Sunday, November 1, 2015

Sunday's poem: Claribel Alegria

My footsteps are leading
toward quiet solitude
toward the star-silence
that has no more questions.

     Claribel Alegria

Nocturnal Visits
by Claribel Alegria

I think of our anonymous boys
of our burnt-out heroes
the amputated
the cripples
those who lost both legs
both eyes
the stammering teen-agers.
At night I listen to their phantoms
shouting in my ear
shaking me out of lethargy
issuing me commands
I think of their tattered lives
of their feverish hands
reaching out to seize ours.
It's not that they're begging
they're demanding
they've earned the right to order us
to break up our sleep
to come awake
to shake off once and for all
this lassitude.

(Translated by D. J. Flakoll)

The Return
Claribel Alegria

How will the return be?
My parents won’t be there
I won’t climb the volcano
with them
to gather orchids.
The jasmine won’t be there
nor the araucaria.
Nor will there be a fortress
in front of my house
nor children
flaunting their misery
nor mud shanties
with tin roofs.
I have never seen
my mother’s tomb
my childhood
next to her
my first seedbed
of memories
my rainbow arch
sinking roots
peopling me with birds.
They were times of peace
those distant times
of somnolence
and peace.
Now is a time of war
of steps leading upward
of love that seeds dreams
and shakes one.
Return obsesses me
Faces fly by
through the open fissure.
Once more there’ll be peace
but of a different kind.
The rainbow glimmers
tugs at me
not that inert peace
of shrouded eyes
it will be a rebellious
contagious peace
a peace that opens furrows
and aims at the stars.
The rainbow shatters
the sky splits open
rolls up like a scroll
of shadows
inviting us to enter
and be dazzled.
Come, love, let’s return
to the future.

Translation by Darwin J. Flakoll.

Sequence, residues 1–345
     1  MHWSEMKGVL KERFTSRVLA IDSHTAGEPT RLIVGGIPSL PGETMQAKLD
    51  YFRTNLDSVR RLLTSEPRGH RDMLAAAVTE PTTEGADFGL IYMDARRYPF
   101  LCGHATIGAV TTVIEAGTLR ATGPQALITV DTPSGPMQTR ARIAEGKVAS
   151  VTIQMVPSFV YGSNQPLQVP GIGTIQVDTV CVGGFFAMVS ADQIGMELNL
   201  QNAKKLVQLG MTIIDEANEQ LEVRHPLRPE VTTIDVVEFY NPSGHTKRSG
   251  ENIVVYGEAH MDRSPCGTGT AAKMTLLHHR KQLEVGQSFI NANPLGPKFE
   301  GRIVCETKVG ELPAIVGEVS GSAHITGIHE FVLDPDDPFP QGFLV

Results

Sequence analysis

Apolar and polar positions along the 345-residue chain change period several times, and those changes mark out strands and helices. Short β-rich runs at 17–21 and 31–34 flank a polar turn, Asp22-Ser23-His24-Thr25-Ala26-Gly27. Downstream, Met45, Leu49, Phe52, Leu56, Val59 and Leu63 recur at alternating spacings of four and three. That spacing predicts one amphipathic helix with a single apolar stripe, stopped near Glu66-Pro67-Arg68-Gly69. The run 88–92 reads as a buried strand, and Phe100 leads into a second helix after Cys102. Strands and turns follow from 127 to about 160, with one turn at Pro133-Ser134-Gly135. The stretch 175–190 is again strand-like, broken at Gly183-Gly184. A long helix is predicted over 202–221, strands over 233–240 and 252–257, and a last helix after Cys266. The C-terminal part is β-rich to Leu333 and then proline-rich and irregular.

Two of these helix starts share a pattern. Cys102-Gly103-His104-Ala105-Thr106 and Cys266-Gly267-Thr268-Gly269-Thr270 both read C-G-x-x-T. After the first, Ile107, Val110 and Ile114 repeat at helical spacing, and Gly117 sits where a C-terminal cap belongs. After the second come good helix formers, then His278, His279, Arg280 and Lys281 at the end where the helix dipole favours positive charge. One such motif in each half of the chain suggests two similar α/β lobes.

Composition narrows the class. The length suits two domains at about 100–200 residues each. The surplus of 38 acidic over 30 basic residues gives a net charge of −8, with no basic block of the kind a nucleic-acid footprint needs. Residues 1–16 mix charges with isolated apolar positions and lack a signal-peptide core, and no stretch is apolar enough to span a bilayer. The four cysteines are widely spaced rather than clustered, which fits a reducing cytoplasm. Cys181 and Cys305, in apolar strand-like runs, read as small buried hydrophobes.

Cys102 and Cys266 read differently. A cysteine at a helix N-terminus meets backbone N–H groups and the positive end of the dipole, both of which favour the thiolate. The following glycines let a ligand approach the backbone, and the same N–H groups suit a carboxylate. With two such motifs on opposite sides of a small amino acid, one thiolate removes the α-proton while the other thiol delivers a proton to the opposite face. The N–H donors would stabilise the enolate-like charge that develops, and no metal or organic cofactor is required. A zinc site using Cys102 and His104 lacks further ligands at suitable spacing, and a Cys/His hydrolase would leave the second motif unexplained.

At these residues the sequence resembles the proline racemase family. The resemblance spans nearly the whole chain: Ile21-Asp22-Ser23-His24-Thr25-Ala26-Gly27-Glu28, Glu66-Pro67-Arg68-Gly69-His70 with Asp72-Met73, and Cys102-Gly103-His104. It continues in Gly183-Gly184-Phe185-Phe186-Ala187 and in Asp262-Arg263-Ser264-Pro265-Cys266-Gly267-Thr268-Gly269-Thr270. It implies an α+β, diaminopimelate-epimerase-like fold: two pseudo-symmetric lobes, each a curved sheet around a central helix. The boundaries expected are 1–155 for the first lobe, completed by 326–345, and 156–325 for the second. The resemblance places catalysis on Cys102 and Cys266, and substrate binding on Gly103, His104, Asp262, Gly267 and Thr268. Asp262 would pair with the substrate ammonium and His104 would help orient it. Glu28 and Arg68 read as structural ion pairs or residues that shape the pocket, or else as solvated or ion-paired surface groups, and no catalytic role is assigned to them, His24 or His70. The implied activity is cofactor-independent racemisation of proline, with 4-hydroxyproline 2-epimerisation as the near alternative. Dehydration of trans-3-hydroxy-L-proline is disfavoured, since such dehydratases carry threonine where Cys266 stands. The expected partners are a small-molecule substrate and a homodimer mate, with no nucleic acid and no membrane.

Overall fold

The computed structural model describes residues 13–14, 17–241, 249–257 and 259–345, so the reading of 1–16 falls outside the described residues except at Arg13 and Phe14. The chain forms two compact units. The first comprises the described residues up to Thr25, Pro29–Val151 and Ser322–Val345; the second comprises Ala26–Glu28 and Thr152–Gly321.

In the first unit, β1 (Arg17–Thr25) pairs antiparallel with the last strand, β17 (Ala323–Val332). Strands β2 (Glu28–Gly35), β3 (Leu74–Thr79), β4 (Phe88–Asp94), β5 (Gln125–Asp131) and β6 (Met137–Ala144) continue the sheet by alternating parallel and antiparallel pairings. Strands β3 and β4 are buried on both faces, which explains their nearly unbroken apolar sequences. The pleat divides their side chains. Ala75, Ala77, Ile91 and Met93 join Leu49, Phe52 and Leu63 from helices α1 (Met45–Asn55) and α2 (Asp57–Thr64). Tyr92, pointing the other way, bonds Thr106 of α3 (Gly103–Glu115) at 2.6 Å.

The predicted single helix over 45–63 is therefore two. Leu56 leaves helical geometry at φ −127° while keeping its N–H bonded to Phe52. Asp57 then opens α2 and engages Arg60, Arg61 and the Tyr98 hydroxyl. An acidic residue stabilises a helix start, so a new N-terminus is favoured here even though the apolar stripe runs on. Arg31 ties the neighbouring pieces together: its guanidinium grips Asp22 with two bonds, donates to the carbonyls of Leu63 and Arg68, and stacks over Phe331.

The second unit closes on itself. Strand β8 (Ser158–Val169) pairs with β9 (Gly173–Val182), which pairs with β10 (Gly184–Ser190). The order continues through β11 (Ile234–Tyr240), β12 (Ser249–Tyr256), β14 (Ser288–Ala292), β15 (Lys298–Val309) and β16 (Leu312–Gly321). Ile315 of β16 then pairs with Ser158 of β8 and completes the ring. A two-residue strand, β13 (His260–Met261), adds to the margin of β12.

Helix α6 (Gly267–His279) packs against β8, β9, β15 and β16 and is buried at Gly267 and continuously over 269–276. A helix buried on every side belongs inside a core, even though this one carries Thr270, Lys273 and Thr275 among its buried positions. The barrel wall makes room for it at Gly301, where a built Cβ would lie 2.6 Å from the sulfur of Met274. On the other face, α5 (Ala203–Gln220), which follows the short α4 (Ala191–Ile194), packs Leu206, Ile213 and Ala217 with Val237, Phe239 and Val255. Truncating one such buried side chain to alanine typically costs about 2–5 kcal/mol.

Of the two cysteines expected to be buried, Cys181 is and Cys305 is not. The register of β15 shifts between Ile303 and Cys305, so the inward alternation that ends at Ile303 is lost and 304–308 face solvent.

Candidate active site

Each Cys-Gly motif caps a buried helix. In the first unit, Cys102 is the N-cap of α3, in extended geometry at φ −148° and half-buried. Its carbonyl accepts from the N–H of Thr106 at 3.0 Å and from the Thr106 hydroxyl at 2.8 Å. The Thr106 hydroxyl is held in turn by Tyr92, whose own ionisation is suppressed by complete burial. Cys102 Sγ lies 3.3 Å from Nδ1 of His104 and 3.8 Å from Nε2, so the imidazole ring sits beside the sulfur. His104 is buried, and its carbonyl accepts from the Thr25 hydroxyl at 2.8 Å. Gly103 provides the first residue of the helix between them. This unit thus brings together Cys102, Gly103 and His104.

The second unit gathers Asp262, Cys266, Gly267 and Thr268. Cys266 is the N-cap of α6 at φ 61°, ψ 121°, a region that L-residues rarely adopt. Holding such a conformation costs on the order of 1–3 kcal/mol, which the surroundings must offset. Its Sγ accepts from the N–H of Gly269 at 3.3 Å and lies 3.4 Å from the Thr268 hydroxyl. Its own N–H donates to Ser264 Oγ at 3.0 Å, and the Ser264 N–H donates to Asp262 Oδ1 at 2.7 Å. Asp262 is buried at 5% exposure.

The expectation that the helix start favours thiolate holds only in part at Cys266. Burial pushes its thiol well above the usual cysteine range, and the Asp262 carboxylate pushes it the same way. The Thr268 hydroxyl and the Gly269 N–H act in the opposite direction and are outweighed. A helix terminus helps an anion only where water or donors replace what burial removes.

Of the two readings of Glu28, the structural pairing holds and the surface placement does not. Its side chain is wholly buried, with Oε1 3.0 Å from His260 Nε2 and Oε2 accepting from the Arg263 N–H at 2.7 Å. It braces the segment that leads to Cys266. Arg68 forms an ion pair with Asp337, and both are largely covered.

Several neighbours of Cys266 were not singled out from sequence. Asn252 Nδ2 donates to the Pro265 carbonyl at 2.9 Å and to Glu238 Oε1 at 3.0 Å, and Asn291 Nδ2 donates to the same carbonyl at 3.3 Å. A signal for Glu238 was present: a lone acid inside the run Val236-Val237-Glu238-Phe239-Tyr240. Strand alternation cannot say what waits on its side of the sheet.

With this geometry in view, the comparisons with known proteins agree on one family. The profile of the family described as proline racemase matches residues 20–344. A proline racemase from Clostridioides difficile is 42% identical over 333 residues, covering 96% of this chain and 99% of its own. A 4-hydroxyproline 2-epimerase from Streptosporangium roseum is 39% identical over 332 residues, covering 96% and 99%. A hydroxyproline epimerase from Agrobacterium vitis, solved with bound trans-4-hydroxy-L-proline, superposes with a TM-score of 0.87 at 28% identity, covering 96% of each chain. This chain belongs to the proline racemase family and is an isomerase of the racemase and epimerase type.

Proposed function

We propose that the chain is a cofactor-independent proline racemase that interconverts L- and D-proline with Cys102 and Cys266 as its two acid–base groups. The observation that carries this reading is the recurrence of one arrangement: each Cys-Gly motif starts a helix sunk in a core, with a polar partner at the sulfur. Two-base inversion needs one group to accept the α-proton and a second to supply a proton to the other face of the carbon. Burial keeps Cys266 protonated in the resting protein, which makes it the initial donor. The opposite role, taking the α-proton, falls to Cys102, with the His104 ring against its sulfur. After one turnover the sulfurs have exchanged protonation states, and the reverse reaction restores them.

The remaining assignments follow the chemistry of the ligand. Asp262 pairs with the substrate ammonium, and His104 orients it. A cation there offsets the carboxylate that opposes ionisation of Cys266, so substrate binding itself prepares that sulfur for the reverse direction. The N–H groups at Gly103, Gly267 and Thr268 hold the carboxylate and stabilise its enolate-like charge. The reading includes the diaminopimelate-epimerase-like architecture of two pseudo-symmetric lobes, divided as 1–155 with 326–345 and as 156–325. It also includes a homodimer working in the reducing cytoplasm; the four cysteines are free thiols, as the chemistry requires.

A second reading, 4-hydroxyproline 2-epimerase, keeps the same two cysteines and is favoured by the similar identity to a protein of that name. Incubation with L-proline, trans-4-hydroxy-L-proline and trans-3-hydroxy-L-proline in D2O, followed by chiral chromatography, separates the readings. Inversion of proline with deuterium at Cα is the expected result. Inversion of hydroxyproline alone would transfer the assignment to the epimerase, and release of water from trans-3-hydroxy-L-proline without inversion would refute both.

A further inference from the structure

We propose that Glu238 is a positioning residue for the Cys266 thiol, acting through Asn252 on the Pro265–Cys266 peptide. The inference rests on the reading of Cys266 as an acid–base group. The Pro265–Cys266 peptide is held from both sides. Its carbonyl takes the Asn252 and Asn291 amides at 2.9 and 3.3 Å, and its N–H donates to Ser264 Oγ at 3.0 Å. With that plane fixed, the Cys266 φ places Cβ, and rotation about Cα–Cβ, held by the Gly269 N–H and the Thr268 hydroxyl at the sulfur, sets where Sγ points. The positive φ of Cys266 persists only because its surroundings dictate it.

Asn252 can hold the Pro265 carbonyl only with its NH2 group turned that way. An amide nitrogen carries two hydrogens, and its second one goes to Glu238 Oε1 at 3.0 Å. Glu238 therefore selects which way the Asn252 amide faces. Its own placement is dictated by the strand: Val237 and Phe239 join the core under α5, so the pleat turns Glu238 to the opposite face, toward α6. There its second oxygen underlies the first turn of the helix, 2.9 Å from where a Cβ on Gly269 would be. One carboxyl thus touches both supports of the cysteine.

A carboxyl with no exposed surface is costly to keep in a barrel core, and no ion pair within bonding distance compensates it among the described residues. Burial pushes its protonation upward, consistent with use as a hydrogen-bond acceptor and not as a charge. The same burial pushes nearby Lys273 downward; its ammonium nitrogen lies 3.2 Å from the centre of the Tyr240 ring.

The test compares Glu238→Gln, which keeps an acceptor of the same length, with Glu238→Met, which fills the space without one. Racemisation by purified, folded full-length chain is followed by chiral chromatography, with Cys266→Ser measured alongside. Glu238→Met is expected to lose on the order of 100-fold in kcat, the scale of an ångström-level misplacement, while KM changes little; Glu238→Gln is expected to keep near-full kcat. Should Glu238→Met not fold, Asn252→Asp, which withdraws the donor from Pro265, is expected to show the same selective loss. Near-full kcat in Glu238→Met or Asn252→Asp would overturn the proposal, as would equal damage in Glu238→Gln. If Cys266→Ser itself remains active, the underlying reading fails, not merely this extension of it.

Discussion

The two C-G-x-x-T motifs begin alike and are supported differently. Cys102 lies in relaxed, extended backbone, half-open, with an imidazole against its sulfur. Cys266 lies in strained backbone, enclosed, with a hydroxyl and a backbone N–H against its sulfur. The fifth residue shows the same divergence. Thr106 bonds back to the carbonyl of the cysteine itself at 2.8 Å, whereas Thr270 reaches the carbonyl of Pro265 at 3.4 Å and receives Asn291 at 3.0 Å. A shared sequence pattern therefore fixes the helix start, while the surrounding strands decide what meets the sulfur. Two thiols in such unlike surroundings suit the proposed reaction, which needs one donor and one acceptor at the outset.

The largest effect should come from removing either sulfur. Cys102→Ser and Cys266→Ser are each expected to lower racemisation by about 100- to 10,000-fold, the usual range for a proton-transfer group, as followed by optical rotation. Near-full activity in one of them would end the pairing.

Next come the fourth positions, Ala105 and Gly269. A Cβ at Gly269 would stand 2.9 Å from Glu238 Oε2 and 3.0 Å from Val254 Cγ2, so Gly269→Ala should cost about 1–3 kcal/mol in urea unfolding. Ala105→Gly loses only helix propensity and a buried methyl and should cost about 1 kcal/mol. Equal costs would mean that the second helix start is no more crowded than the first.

Claribel Alegria

In the sixty-eight years
I have lived
there are a few electrical instants:
the happiness of my feet
skipping puddles
six hours in Macchu Pichu
the ten minutes necessary
to lose my virginity
the buzzing of the telephone
while awaiting the death of my mother
the hoarse voice
announcing the death
of Monsignor Romero
fifteen minutes in Delft
the first wail of my daughter
I don't know how many years
dreaming of my people's liberation
certain immortal deaths
the eyes of that starving child
your eyes bathing me with love
one forget-me-not afternoon
and in this sultry hour
the urge to mould myself
into a verse
a shout a fleck
of foam.

(Translated by D.J. Flakoll)

Claribel Alegría  is a Nicaraguan poet, essayist, novelist, and journalist and a major voice in Central American literature.
Alegria was born in Nicarauga in 1924, the year US marines occupied the country. Her father opposed the US intervention and his life was in danger, so the family were forced into political exile to El Salvador the following year. As a young child she saw from her window peasants with their thumbs tied behind their backs being herded onto the army base, and later heard the shots.  
She left El Salvador  in 1943 and attended college in the United States and lived in Mexico, Spain, and various South American countries and never returned.
In more than 40 books of poetry, testimony, fiction and non-fiction Alegría has spoken for justice and liberty.
Alegria sees the poet (and writer) as having a responsibility to provide a voice for the voiceless-those who don't have a voice or those who have lost or are denied voice in social economic and political struggles. In this context, poetry can be a weapon against repression, oppression, exploitation, and injustice
Poems and articles about Claribel Alegri are here, here, here and here.

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